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This neural network can identify heart failure with 100% accuracy

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Aakash Molpariya
Aakash started in Nov 2018 as a writer at Revyuh.com. Since joining, as writer, he is mainly responsible for Software, Science, programming, system administration and the Technology ecosystem, but due to his versatility he is used for everything possible. He writes about topics ranging from AI to hardware to games, stands in front of and behind the camera, creates creative product images and much more. He is a trained IT systems engineer and has studied computer science. By the way, he is enthusiastic about his own small projects in game development, hardware-handicraft, digital art, gaming and music. Email: aakash (at) revyuh (dot) com

The congestive heart failure (CHF) is a progressive chronic condition that affects the pumping power of the heart muscles. Now, thanks to the development of a neural network, congestive heart failure can be identified with 100% accuracy through the analysis of a single heartbeat without an electrocardiogram (ECG).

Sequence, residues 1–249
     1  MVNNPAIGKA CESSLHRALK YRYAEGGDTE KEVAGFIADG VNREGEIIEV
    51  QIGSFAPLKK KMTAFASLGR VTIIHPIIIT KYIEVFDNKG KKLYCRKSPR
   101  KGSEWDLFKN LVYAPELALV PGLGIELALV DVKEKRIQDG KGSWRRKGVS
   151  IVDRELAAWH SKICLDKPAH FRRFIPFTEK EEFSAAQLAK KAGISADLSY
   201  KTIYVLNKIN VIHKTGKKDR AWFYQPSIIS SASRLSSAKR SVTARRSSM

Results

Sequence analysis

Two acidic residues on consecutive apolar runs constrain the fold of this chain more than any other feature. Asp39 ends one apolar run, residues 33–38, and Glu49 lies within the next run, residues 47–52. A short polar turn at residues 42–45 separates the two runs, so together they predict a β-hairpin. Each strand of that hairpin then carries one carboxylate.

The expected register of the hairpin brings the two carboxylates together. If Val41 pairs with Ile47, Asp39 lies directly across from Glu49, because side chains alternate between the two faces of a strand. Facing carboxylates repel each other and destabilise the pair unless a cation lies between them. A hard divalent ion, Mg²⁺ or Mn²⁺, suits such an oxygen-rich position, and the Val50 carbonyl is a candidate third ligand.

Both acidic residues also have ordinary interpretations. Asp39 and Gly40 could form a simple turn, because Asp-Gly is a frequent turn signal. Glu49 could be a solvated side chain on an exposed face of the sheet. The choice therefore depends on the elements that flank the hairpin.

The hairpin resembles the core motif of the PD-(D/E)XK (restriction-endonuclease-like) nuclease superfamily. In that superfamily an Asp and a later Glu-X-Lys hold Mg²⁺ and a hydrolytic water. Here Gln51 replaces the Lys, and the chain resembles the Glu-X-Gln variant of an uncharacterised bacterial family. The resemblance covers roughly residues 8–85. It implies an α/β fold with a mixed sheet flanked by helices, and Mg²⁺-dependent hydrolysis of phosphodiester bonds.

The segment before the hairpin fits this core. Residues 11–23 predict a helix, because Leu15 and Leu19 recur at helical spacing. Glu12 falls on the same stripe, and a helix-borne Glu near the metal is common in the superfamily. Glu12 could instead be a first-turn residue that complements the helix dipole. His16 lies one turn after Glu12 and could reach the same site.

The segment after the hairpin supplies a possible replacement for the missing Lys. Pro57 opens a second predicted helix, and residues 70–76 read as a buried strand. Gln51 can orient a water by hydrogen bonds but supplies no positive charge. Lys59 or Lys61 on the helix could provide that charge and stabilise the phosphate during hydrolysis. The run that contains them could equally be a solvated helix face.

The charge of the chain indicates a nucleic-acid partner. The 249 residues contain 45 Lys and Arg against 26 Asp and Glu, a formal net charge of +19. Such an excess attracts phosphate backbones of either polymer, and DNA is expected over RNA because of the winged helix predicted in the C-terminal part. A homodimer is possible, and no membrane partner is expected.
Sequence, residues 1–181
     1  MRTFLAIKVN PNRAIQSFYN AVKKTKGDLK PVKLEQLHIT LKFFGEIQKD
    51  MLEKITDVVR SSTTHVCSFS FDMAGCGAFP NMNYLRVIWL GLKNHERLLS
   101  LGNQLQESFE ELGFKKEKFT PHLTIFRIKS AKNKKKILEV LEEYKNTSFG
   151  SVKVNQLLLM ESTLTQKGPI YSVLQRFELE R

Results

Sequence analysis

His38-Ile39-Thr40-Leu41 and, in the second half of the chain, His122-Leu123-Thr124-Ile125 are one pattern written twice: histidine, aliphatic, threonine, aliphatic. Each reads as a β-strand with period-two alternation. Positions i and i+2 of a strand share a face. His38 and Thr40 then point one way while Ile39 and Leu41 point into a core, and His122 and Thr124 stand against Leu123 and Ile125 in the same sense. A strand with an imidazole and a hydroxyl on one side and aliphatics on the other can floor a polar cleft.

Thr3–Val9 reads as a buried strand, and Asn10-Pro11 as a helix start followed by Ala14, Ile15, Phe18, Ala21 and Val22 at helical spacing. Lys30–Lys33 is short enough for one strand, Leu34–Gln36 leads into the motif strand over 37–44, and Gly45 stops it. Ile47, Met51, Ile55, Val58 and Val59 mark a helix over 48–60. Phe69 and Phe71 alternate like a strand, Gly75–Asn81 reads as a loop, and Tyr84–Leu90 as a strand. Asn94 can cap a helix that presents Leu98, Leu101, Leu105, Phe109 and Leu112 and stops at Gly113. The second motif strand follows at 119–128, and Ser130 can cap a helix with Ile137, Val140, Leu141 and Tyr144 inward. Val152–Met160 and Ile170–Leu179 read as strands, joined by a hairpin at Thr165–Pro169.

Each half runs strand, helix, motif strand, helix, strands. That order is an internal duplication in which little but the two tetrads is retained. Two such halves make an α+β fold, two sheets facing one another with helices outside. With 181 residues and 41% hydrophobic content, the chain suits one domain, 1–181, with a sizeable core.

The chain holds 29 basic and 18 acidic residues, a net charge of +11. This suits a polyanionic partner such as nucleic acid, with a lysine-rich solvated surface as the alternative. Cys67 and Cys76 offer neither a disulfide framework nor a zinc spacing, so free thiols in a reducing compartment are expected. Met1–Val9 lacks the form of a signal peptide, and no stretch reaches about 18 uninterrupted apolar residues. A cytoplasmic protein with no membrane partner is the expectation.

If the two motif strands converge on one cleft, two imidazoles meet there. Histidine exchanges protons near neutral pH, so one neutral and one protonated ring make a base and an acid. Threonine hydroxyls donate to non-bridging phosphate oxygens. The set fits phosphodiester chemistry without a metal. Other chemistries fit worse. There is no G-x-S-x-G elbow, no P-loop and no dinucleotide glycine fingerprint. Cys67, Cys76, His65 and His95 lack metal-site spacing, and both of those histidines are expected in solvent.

Just a beat

Published in the Biomedical Signal Processing and Control Journal by researchers at the University of Surrey, the results of this study suggest a drastic improvement of existing CHF detection methods, which generally focus on heart rate variability that, While it is effective, it consumes a lot of time and is prone to errors.

It is not what happens with this new approach, which makes zero errors, based on highly effective hierarchical neural networks to recognize patterns and structures in the data.

Specifically, the new model uses a combination of advanced signal processing and machine learning tools in raw ECG signals.

The model is also one of the first that can identify the morphological characteristics of the ECG specifically associated with the severity of the condition.

With approximately 26 million people worldwide affected by a form of heart failure, this research presents an important advance in the current methodology, allowing patients an early and more efficient diagnosis and thus relieving economic pressures on existing resources.

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